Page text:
(1) Sexual selection and plasticity in Drosophila flies: male olfactory displays as a multivariate trait.
I am currently using quantitative genetic techniques, as well as gas chromatography to examine sexual selection in Drosophila serrata flies, in collaboration with Howard Rundle at the University of Ottawa. In Drosophila flies, males produce olfactory signals that attract females. Males create these complex displays by varying the production of different cuticular hydrocarbons (CHCs). Previous research has identified a specific multivariate combination of CHCs that is most attractive to females. As a signal of male quality that is costly for males to produce, it is predicted that males will produce CHCs in an efficient way: males should produce the most attractive CHCs when there is the highest probability of attracting a female. I have been studying male plasticity in CHC production, and female plasticity in preference for male CHCs (Gershman et al. J Evol Biol 27(6):1279-1286). So far, we have found that male CHC attractiveness is affected by time of day and social environment, with males becoming more attractive during the day than at night. The presence of females increases male attractiveness, while the presence of other males decreases male attractiveness. Further, females are least attractive to males during the times of day that males are the most attractive, suggesting a conflict of interests between males and females (Gershman et al. 2014 Proc R Soc B in press). Experimental results in prep indicate that social environment affects the development of male CHC attractiveness, and female accessibility mediates male CHC plasticity.
(2) Sexual conflict over courtship feeding gifts: spermatophylax composition as a multivariate trait
Males of many taxa are required to contribute courtship gifts to females for successful copulation and sperm transfer. In orthopterans, males often produce large nutritive courtship gifts that they transfer to females, in addition to small packets that contain sperm. In G. sigillatus, these gifts have not been found to help offspring success. Instead, the spermatophylax (edible courtship gift) prevents the female from removing the male sperm packet before most of his sperm has been transferred to her sperm storage organ. Further, due to accessory gland products in the spermatophylax, consumption of the spermatophylax causes females to delay mating again (Gordon et al. 2012 Anim Behav 83:369-375). Therefore the spermatophylax both serves as ejaculate protection, and reduces sperm competition for the male. Females, however, may gain genetic benefits for their offspring from mating with more than one male, thus consuming the spermatophylax may not be in her best interest.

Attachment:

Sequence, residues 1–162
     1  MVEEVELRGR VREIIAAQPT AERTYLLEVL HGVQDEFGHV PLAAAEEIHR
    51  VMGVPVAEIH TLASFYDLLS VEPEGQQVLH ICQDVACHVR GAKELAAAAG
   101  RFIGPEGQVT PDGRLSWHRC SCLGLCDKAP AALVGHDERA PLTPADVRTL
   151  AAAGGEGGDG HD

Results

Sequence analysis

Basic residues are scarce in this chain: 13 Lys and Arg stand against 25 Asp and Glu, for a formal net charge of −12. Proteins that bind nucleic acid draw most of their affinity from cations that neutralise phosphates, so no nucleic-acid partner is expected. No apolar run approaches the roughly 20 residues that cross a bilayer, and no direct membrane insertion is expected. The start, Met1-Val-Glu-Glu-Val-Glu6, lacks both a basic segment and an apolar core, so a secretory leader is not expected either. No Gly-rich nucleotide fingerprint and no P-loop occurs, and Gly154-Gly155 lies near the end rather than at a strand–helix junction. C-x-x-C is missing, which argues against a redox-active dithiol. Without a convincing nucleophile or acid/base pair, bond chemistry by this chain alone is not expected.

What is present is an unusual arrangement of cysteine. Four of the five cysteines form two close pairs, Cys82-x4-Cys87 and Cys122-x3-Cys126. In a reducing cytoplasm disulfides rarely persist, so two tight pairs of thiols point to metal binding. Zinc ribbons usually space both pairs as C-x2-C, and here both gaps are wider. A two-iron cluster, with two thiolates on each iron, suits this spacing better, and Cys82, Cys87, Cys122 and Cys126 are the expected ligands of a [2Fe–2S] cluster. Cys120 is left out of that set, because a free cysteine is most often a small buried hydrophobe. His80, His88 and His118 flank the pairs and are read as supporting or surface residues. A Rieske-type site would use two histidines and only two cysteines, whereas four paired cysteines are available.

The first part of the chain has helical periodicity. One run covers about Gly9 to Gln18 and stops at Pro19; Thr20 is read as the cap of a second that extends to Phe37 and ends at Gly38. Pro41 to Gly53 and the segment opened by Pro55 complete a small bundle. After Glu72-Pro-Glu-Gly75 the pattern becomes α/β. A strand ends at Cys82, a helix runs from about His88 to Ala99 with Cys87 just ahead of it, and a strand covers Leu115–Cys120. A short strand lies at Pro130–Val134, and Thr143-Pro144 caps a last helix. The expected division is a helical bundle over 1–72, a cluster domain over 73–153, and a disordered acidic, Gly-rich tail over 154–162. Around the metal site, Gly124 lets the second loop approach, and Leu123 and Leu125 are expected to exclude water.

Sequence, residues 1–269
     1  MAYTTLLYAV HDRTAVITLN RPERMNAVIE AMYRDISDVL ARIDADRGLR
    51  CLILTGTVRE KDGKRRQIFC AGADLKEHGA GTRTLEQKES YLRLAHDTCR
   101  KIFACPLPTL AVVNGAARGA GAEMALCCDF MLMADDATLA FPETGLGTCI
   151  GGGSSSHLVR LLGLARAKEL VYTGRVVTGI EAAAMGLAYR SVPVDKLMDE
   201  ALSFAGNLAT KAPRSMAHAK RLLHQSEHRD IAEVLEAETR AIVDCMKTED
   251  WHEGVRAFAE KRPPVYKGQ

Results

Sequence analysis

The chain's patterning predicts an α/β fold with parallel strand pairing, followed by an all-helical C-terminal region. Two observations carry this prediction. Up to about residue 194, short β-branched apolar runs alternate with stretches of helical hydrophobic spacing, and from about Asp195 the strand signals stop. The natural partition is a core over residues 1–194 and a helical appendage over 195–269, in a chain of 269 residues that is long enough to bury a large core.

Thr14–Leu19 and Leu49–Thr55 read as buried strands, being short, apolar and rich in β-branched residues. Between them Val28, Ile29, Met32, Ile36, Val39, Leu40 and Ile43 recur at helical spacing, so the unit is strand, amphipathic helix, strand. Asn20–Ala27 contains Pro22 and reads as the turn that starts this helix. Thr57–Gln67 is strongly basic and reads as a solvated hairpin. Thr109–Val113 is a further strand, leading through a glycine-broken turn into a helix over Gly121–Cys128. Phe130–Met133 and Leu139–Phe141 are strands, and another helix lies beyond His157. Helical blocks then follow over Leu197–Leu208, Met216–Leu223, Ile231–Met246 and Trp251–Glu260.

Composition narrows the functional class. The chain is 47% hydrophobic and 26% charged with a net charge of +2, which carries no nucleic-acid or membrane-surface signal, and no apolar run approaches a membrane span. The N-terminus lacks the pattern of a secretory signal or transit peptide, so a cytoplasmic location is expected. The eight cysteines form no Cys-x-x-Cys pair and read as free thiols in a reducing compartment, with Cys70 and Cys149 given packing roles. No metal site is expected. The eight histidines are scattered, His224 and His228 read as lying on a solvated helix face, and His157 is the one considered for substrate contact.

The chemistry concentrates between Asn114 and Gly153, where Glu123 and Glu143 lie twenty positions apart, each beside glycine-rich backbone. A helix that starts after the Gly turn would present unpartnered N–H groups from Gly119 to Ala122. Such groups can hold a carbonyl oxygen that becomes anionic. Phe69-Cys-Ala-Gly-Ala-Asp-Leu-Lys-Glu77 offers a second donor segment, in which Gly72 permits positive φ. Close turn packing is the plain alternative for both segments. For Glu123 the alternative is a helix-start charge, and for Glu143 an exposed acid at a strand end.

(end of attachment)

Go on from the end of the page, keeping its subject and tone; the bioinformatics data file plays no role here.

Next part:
In work with the Sakaluk lab at Illinois State University, I examined the amino acid composition of the spermatophylax using gas chromatography, to study relationships between different amino acids and female willingness to accept and consume a spermatophylax. We found that the amino acid composition of the spermatophylax is highly heritable. Further, female resistance to consuming spermatophylaxes is also highly heritable. This information suggests that there is the potential for natural and sexual selection to act on these traits. Using selection analysis to determine which multivariate combinations of amino acids are most attractive to females, we found that the fitness surface is saddle-shaped, indicating that there is more than one combination of amino acids that results in an attractive spermatophylax. This selection analysis also provides an index of “spermatophylax attractiveness” to females. The heritability of spermatophylax attractiveness is highly significant, and the genetic correlation between spermatophylax attractiveness and female resistance to consuming spermatophylaxes is significant, indicating potential sexual conflict between males and females over the amino acid composition of the spermatophylax (Gershman et al. 2012 Proc B 279:2531-2538; Gershman et al. 2013 J Evol Biol 26(4):693–704).